Please Don’t Blurt!: Social Media Marketing Playbook for Small Businesses

If  you run a small business, you may have accounts on Twitter, Facebook,  LinkedIn, and other social networks. If you haven’t, you’ve probably been  told many times that you should have.

 

Why?  I bet you’ve been told that, with millions of people in these networks,  it’s a good place to market your business. It is, but maybe not in the  way you’ve been led to expect.

When these social networks started, people joined to network socially.  Then people who spotted the opportunity joined just to market their businesses, but nobody—NOBODY—has ever joined a social network to be sold to.

What  this means is that there are thousands of small business owners on  Twitter lurking anonymously behind their logo and business name and  struggling to get results—because why would anyone follow a business  account when nobody wants to be sold to?

There  are people auto-posting their own blog links in multiple LinkedIn  Groups under the disguise of discussions and displaying desperation by “liking” their own submissions—with the result that members are flagging  them as inappropriate because nobody wants to be sold to.

The Unsightly Landscape of Dashed Hopes

Facebook  is littered with unloved and unseen business pages as (even if they’ve  liked them out of politeness) the posts are invisible because nobody wants to be sold to.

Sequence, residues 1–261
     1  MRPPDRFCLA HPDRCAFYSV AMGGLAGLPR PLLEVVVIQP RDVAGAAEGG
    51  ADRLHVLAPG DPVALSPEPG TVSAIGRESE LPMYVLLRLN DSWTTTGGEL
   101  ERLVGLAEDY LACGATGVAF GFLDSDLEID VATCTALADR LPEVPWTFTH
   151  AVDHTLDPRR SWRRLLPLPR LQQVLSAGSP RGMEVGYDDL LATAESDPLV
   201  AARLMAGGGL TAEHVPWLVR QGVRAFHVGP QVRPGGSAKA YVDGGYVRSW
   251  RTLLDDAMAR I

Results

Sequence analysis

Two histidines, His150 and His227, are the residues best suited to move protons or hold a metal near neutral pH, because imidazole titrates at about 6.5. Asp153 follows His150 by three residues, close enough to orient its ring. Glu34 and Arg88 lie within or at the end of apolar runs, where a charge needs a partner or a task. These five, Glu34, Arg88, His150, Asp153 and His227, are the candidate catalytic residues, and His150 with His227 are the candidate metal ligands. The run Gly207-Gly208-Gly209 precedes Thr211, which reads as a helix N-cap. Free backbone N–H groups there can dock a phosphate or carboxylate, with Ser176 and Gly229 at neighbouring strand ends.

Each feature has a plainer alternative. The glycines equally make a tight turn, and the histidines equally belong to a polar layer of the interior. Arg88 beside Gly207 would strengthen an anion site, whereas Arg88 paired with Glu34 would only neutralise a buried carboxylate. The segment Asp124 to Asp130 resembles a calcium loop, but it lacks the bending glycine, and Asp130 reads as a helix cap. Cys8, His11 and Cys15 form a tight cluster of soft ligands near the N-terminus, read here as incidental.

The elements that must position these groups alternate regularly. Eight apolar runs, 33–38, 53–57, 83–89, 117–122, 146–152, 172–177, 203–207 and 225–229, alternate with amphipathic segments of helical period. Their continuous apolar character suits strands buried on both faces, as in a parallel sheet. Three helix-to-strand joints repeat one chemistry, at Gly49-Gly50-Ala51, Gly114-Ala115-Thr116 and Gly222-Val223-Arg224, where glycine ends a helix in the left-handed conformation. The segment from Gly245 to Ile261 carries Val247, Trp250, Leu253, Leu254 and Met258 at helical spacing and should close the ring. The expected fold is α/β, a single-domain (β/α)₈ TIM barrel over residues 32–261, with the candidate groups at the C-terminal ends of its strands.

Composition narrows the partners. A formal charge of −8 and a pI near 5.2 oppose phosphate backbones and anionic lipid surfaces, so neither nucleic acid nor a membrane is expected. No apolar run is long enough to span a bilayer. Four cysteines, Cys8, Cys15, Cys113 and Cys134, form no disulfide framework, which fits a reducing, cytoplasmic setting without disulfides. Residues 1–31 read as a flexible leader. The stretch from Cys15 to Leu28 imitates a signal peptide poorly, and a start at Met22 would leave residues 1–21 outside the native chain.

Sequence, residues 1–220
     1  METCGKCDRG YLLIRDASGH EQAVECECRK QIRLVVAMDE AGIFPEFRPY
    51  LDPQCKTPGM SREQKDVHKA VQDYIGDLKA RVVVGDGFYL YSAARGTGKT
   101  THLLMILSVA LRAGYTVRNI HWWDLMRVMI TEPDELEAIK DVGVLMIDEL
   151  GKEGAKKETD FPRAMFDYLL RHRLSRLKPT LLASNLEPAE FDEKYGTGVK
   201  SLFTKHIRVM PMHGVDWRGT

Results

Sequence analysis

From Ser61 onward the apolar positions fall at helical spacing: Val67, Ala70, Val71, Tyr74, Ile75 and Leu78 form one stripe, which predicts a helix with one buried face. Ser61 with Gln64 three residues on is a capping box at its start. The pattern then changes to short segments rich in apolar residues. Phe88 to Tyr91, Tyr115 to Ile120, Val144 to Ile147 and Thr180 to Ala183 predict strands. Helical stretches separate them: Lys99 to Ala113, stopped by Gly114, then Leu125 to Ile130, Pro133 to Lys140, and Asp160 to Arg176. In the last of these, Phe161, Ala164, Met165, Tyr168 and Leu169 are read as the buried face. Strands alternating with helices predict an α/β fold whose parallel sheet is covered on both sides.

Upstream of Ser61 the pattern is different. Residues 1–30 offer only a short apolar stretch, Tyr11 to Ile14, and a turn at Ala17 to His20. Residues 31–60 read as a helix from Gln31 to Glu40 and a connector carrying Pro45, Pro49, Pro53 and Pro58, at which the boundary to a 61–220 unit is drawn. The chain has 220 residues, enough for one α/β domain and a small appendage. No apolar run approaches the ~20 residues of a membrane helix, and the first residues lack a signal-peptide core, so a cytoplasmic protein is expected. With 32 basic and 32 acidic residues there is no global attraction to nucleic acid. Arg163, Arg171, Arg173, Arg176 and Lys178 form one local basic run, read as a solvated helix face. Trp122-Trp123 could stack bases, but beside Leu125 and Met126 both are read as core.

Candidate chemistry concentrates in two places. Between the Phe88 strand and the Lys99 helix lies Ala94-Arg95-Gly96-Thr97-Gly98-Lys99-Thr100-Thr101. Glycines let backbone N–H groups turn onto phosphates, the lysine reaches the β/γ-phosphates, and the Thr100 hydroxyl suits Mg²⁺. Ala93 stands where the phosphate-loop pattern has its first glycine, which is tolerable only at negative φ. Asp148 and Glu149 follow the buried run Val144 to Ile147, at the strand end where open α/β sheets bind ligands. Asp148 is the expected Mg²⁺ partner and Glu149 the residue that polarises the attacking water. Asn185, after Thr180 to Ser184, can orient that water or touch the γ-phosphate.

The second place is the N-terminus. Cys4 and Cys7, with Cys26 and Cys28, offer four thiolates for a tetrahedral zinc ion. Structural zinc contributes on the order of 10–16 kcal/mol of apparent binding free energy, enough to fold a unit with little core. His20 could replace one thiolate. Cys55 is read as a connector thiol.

The  problem is that everyone is using the term “social media marketing”  without fully understanding what it means. Social media marketing is an art and a science  used to great effect by big brands and specialist agencies that use  complex tools and algorithms to decide where to place adverts and do  their marketing on social networks. It is not something that small  businesses can dip into on their own.

Just Be Social

This begs the question: If you run a small business; can you use social networks for marketing? The  answer is an emphatic “Yes,” but you need to adopt different  strategies.  Instead of social media marketing, concentrate on becoming  an expert social networker. I’m guessing that as a small business owner  you are already pretty good at face-to-face networking so you already  know the basics.

The Tragic Faux Pas of Social Networking

You  wouldn’t turn up at a networking meeting with a bag on your head with a  business card stuck to it, so don’t do that in social networks.

You  wouldn’t burst into a room and blurt out a sales pitch—or worse, send  a recording of your sales pitch—to be broadcast at scheduled intervals  at several meetings at once. Don’t do that in social networks.

You  wouldn’t ignore people in the room who spoke to you until you found  time to reply to them a couple of days later, so don’t do that in social  networks.

What You Should Do

Imagine  visiting a prospect in their office. You’d see what books they read,  pictures of their family, certificates they have on their wall. Imagine  taking them out for lunch. You’d get to know their likes and dislikes  and maybe their hopes, dreams, disappointments and achievements.  Connecting with them in social networks can be just as revealing if you  take time to get to know people and make them the most important part of the conversation. As Dale Carnegie said in his book How to Win Friends and Influence People: “You  can make more friends in two months by becoming interested in other  people than you can in two years by trying to get other people  interested in you.”

Grab Your Tools and Get Networking!